Voters in Ohio's 6th Congressional District face a clear choice when they vote in Tuesday's election.
They can return Democratic incumbent U.S. Rep. Charlie Wilson to Washington or choose a new direction with Republican Bill Johnson. We endorse and recommend you cast your vote for Johnson for the 6th District House of Representatives seat.
Johnson speaks of what we think the United States, and our area, needs to bring itself back on track economically and to revitalize its spirit: Smaller, less intrusive government and less federal spending.
Wilson and Johnson both speak of the need to review government spending. Wilson favors solutions that gain quick attention in election season: A 2 percent cut in federal spending, except for the military and entitlements, for three years, which he says would save $400 billion. That's not even a quarter of the federal deficit built up during the current Congress. Then, there's his proposal for a $3 check-off on income tax forms to go toward deficit reduction. Government budgets shouldn't be a charitable contribution, especially when citizens already pay taxes. According to Johnson, it would take decades before any meaningful impact on the burgeoning deficit would be made, even if every taxpayer decided to contribute $3 a year.
Johnson said he'd favor a full review of all federal programs, cutting those that don't benefit the nation's economy, such as the National Endowment for the Arts, which he said would be better off as a privately funded entity. Further, Johnson's experience as a retired career Air Force officer has allowed him to see there are ways to save on military spending without harming troops in the field. He said a study should concentrate on finding efficiencies in administration and logistics shared among the services, which would benefit the ability to spend on actual front-line defense.
Johnson views the health care reform law as a major abuse of the constitutional powers of the federal government. He favors replacing it with health savings accounts, tort reform, a truly portable insurance system that would allow interstate competition, and, vitally, making sure decisions are kept in the patient-doctor relationship without government intrusion.
Wilson views his vote in favor of the health care reform law as one that benefited tens of thousands of people in his district. Still, he knows the bill isn't perfect and speaks of adjustments that are being attempted. One is a measure that passed the House and is stalled in the Senate to get rid of the health care act's burden on business requiring any transaction with a vendor totaling more than $600 to be reported on a separate federal tax form. The result will hit small business, which Wilson says will create most of the jobs in the future, with increasing costs on paperwork and accounting at a time when spending should be on inventory, capital improvements and new employee hiring if the economy is to recover.
Wilson doesn't apparently realize the time is long past for tolerating claims the House is making changes in the right direction without actually solving problems. That's reflected in his voting record, cited by the Washington Post as 98.1 percent with the Democrat majority. Breaking with Democratic leadership and slowing the health care bill's process would have given time to study the bill's contents. Passing a train wreck and then trying to clean it up is less effective than making sure the train didn't wreck in the first place.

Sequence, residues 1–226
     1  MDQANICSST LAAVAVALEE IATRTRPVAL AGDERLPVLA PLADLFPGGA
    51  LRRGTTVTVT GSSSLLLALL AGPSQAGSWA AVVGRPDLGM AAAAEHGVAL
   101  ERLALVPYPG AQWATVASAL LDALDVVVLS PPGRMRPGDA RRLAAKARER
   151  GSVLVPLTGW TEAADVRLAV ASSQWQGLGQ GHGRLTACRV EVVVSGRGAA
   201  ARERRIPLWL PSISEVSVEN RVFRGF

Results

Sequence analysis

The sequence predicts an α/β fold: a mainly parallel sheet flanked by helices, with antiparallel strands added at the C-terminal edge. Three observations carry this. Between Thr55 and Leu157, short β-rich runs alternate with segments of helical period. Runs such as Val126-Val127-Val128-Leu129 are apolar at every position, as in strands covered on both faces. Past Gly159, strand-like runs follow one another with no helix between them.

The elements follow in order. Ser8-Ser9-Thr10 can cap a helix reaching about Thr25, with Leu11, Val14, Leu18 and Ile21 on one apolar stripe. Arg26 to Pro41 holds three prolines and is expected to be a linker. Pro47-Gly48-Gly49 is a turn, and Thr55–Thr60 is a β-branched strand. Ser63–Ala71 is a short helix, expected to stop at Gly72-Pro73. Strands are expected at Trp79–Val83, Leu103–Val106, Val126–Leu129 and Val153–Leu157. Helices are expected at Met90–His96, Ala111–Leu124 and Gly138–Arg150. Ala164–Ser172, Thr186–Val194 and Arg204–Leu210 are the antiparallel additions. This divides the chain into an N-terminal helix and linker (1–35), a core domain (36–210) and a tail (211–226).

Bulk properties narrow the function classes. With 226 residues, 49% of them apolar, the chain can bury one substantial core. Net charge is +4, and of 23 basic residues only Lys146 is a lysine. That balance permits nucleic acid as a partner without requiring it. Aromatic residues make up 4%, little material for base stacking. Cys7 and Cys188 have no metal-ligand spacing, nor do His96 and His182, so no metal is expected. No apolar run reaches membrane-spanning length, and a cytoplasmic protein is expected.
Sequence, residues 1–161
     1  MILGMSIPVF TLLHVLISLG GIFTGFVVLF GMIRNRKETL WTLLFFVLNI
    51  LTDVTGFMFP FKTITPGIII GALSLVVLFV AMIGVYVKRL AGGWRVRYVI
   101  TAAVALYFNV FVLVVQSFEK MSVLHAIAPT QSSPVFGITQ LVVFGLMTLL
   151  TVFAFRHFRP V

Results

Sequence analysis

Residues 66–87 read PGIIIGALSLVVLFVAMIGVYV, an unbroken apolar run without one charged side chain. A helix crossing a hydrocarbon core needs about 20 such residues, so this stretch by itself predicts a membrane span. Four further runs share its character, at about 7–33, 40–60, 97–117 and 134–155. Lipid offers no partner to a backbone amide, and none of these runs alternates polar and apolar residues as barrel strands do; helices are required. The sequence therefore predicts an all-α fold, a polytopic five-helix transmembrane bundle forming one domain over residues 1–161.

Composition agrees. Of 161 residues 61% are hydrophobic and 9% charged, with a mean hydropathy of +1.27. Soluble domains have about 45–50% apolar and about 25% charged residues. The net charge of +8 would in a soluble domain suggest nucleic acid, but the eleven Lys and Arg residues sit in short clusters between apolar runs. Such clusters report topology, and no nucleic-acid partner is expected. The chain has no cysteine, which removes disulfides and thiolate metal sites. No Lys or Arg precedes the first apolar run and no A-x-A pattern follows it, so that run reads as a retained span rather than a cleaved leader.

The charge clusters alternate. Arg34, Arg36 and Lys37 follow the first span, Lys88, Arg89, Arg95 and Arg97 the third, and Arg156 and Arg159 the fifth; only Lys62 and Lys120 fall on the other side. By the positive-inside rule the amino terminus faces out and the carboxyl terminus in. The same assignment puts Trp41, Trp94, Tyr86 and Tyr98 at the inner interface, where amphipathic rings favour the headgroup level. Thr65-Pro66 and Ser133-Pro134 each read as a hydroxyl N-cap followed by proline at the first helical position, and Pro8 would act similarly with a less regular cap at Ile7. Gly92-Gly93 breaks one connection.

Wilson stood with the area in voting against the cap-and-trade legislation. However, when that is coupled with his vote in favor of the costly health care measure while still proclaiming to be a champion of small business, it's no wonder the claim he traded the cap-and-trade vote for support on health care continues to have traction despite his claims to the contrary.
Also appearing on the ballot will be Richard Cadle of the Constitution Party and Martin Elsass of the Libertarian Party. Both have brought up interesting ideas during the campaign, but neither seems to be the right fit for our district.
Johnson is clear about what he would do in Washington: Smaller government, business-friendly policies, strong national defense.
Johnson says he's not a career politician and says he's had two careers already, in the Air Force and now in private business. We hope that means he's strong enough to withstand what happens sometimes - and happened in Wilson's case - in Washington. We've watched Wilson change from "Charlie" into "Congressman Wilson" during the last two years when every vote became needed to pass the radical policies of the liberal majority and he was courted by the likes of Speaker Nancy Pelosi and the White House. We've felt a change in attitude and responsiveness from Wilson, and not for the better.
It's time for Wilson to become Charlie Wilson, businessman from St. Clairsville, once more.
Johnson touches upon the American spirit of free enterprise and invention, citing the litany of American inventions and systems that led to the country being the industrial leader of the world for the past century. He's saddened, as most Americans are, by that spirit being replaced by bailouts that didn't free up capital or increase employment in a meaningful way, government ownership and regulation.
He is "Bill from Mahoning County," and we hope he serves as, but never becomes "Congressman Johnson" as his main identity.
It's time to bring back sensibility and accessibility in our region's representative, and Bill Johnson represents that choice.